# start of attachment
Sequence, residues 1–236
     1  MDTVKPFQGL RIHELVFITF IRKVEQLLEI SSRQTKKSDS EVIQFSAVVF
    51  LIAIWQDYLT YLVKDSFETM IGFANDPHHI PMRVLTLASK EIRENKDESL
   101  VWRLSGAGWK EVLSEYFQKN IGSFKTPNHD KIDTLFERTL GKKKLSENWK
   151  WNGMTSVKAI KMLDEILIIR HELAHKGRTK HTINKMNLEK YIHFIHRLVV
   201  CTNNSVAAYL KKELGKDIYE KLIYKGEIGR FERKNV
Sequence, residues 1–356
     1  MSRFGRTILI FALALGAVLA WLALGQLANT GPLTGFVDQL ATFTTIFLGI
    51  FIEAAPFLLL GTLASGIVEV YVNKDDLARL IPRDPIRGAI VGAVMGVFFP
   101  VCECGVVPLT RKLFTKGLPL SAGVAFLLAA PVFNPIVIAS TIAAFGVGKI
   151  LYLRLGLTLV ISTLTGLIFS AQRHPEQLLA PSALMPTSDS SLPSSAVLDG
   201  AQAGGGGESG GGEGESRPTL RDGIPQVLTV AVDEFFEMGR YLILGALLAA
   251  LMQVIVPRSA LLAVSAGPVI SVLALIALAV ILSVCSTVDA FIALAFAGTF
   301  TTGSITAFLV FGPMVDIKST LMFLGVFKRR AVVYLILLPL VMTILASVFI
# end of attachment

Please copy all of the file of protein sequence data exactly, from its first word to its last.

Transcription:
Sequence, residues 1–236
     1  MDTVKPFQGL RIHELVFITF IRKVEQLLEI SSRQTKKSDS EVIQFSAVVF
    51  LIAIWQDYLT YLVKDSFETM IGFANDPHHI PMRVLTLASK EIRENKDESL
   101  VWRLSGAGWK EVLSEYFQKN IGSFKTPNHD KIDTLFERTL GKKKLSENWK
   151  WNGMTSVKAI KMLDEILIIR HELAHKGRTK HTINKMNLEK YIHFIHRLVV
   201  CTNNSVAAYL KKELGKDIYE KLIYKGEIGR FERKNV
Sequence, residues 1–356
     1  MSRFGRTILI FALALGAVLA WLALGQLANT GPLTGFVDQL ATFTTIFLGI
    51  FIEAAPFLLL GTLASGIVEV YVNKDDLARL IPRDPIRGAI VGAVMGVFFP
   101  VCECGVVPLT RKLFTKGLPL SAGVAFLLAA PVFNPIVIAS TIAAFGVGKI
   151  LYLRLGLTLV ISTLTGLIFS AQRHPEQLLA PSALMPTSDS SLPSSAVLDG
   201  AQAGGGGESG GGEGESRPTL RDGIPQVLTV AVDEFFEMGR YLILGALLAA
   251  LMQVIVPRSA LLAVSAGPVI SVLALIALAV ILSVCSTVDA FIALAFAGTF
   301  TTGSITAFLV FGPMVDIKST LMFLGVFKRR AVVYLILLPL VMTILASVFI